For the last year and a half, a local chapter of the Global Peace Foundation has been working on race relations between Native Americans and non-natives.
That project will now serve as a model for others around the country.
The results of the pilot project, Cross Community Reconciliation Forum, were presented on Friday.
Dancing was part of the cultural exchange at a room at Community Leadership and Development, Inc.
The project was planned to last six months, but went longer because of COVID shutdowns.
The group found education and being an ambassador, were key ways to help bridge the gap across many differences.
"The more we're able to on both sides native and non-native to be able to sit down and just kind of educate each other, then from there, those two can go educate their family," said Josiah Hugs, one of the facilitors. "And then that family can educate their neighborhood. And that neighborhood can educate their community."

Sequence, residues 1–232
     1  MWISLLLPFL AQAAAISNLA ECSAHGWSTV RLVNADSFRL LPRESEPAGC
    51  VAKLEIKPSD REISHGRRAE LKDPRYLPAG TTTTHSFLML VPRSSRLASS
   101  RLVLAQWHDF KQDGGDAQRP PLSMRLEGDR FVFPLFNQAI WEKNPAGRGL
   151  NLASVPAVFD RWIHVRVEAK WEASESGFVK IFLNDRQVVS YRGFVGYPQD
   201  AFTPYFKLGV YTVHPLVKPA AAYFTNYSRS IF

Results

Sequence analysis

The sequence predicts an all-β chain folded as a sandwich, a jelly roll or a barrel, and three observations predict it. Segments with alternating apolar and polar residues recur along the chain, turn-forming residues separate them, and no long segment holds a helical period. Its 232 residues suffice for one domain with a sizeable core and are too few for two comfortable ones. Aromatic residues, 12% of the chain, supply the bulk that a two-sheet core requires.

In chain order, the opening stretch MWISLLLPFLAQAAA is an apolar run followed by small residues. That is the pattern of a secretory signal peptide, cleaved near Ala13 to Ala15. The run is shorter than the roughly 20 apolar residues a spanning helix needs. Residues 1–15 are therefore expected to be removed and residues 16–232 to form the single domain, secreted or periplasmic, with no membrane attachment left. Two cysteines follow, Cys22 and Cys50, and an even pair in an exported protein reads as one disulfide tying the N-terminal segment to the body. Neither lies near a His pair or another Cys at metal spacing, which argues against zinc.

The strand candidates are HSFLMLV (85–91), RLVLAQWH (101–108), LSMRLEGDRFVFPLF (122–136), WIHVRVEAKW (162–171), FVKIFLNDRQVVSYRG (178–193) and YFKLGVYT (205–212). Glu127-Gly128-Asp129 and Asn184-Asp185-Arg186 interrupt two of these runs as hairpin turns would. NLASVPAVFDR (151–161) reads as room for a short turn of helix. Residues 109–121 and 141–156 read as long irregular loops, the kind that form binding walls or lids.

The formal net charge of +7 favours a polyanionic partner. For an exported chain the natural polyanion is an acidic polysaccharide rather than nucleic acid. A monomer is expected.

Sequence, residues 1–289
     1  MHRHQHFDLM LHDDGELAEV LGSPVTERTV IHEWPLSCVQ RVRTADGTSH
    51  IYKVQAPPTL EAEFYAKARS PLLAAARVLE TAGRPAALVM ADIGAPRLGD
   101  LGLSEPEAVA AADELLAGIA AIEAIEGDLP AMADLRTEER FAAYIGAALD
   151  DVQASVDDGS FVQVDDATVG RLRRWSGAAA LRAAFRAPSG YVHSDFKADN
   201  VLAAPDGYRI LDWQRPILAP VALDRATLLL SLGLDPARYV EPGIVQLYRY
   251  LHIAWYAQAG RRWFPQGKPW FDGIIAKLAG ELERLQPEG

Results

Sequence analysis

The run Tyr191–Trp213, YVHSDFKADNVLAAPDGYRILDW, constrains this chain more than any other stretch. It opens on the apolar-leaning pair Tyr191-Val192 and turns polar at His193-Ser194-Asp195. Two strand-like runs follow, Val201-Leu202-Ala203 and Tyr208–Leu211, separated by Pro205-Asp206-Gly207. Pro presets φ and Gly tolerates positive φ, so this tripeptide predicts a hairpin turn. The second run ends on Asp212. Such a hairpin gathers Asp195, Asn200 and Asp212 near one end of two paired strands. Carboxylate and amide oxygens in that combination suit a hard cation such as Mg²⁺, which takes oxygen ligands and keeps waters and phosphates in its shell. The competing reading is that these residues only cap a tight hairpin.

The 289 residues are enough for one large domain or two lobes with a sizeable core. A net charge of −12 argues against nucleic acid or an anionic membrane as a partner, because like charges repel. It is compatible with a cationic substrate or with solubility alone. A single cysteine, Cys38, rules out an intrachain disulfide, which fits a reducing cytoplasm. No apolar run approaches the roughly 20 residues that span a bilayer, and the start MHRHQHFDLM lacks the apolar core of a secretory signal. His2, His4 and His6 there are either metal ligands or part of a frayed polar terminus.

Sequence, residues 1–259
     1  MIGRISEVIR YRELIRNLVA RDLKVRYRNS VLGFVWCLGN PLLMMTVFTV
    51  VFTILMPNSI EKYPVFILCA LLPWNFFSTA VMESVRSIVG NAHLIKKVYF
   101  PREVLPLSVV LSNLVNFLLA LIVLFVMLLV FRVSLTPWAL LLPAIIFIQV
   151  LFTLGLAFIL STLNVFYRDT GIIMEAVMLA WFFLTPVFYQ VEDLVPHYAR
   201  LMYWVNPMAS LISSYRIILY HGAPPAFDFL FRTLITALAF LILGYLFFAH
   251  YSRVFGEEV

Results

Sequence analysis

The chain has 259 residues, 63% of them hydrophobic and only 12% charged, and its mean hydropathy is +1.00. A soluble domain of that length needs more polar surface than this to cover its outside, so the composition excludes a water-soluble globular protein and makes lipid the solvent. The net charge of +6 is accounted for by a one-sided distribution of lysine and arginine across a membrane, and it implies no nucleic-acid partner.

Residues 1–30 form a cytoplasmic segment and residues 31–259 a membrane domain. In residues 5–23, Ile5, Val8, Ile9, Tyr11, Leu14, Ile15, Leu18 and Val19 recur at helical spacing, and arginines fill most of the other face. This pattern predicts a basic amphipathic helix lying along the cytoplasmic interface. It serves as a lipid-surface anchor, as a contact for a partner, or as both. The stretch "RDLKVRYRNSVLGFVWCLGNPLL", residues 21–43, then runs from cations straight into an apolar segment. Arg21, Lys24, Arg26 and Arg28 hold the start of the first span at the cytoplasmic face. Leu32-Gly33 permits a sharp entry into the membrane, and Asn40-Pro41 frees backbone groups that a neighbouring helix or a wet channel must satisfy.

"It's really good to learn, you know, educate yourself behind the scenes about our history and culture," said Morgan Miller, another facilitator. "But it's so much more powerful when you're with people because you see them face to face. And you get to know them and their quirks and what they care about. And it brings a lot more energy together and you can really get to know someone."
Mike Yakawich, Global Peace Foundation director in Billings, came up with the idea for the pilot project after seeing a similar project in New Jersey that "was very successful breaking down barriers between teenagers and police."
"When you bring two people together or two cultures together and talking and listening to each other, you really find out that you're very similar," said Yakawich, who is also a Billings city councilman. "So it tries not to be as complex as it is, but it's amazing what can happen when I listen."
A group in Baltimore is expected to use the program going forward. A Global Peace Foundation International program specialist called the Cross Community Reconciliation, a beacon of hope.
Yakawich said the foundation is looking into possibly launching the project in Great Falls and Missoula.